Of the many professions in the world, few are as noble as firefighting. Missionaries come close, but their kind of fire is more of a spiritual kind, not a “burn-you-into-a-cartoon-pile-of-ash-and-eyeballs” kind. Either way, a few days ago, a group of the boys and I got to witness, first hand, what it takes to become a firefighter. Surprisingly, I was able to tie in lot of things we learned that day, into what we reinforce everyday at the rink. Communication is vital for the crew’s success and safety. Knowing your job inside and out; everyone on the crew has to be able to do everyone’s job at a moments notice (including drive.)
One of the highlights of the day was having some of the guys do the official Physical Agility Test that everyone on the force has to take annually. Eight minutes of routine firefighting activities including ascending and descend five stories of stairs with 100ft of rope, a 50ft, 125lb sled pull, and various ladder drills. The final competitor turned out to be our trainer, Rich Campbell, an ex-NYFD. Needless to say, the guys had put a bit of pressure on him. The guy still has it, even if he had to go on his tippy-toes to hang a fan off of a 7ft rack.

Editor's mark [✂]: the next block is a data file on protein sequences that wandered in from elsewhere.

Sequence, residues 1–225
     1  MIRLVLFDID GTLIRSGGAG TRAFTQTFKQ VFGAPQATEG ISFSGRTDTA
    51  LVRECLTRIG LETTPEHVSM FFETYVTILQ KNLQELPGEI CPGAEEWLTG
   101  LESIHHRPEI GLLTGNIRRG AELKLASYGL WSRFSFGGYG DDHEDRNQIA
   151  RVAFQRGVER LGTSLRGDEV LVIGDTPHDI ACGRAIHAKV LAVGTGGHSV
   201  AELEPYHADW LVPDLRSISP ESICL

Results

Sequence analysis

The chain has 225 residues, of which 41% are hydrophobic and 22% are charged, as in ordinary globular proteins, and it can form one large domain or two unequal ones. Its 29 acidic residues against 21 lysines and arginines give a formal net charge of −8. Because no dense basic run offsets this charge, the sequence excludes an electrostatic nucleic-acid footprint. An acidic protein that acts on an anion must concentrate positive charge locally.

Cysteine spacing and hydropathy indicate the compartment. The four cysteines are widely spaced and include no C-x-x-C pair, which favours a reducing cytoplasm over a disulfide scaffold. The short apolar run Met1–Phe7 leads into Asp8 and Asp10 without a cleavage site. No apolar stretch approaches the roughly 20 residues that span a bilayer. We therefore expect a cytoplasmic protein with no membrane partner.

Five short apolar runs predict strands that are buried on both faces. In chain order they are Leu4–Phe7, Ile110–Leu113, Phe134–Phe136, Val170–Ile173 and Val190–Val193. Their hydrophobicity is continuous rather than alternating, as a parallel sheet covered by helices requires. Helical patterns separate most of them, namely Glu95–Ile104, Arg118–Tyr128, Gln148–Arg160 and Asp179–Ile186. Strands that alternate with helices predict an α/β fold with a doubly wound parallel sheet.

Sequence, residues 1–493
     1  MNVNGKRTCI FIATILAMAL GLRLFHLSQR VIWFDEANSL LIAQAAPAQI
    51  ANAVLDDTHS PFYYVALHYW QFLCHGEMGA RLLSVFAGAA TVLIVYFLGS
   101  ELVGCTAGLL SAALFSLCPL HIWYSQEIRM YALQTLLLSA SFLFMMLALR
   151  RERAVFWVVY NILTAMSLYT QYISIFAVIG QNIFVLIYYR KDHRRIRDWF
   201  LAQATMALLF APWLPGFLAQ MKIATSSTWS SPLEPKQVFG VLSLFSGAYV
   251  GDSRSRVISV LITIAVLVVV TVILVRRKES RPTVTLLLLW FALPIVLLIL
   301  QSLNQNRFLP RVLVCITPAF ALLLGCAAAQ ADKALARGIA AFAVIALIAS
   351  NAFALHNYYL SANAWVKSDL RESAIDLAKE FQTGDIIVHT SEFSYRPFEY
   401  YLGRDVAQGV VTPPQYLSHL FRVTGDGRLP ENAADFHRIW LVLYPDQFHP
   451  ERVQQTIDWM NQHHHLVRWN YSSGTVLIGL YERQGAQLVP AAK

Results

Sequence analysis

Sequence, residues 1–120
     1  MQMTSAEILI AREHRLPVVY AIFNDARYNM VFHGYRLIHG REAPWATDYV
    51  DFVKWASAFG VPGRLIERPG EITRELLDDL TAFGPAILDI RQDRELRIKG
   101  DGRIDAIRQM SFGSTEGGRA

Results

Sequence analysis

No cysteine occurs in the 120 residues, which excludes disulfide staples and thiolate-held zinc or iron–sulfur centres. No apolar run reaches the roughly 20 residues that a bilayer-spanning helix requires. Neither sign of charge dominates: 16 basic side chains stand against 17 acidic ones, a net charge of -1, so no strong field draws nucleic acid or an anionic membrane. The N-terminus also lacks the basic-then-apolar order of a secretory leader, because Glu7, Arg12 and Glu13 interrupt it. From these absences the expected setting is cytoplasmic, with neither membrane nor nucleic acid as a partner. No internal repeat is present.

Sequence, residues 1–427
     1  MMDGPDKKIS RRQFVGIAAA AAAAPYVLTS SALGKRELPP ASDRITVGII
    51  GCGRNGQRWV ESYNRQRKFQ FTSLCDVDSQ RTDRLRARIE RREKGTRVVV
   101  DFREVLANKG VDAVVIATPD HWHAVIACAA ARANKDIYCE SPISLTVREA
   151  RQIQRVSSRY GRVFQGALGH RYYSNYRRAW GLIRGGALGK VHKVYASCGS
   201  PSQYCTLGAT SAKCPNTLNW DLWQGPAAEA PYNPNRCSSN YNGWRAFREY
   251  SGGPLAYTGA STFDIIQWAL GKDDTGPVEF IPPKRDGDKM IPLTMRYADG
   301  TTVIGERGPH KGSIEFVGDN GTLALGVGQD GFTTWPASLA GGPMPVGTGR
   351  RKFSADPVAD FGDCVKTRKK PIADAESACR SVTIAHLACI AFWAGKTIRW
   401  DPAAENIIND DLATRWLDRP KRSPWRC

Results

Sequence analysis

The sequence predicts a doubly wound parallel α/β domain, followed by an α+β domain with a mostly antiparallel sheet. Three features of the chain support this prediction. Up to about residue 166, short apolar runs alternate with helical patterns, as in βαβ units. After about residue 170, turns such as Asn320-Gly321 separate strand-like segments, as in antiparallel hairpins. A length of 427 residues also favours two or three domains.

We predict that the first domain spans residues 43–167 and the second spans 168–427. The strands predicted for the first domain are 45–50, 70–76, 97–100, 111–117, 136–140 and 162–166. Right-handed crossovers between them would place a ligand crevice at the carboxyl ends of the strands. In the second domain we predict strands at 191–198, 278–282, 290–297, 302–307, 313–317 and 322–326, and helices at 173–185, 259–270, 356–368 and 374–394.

We also got the chance to charge a hydrant. Which required a lot less machinery than I previously expected. So, in the future expect a blog title to be “Why I’m in jail for illegal accessing a fire hydrant. Should be a good one.
Stay Thirsty My Friends.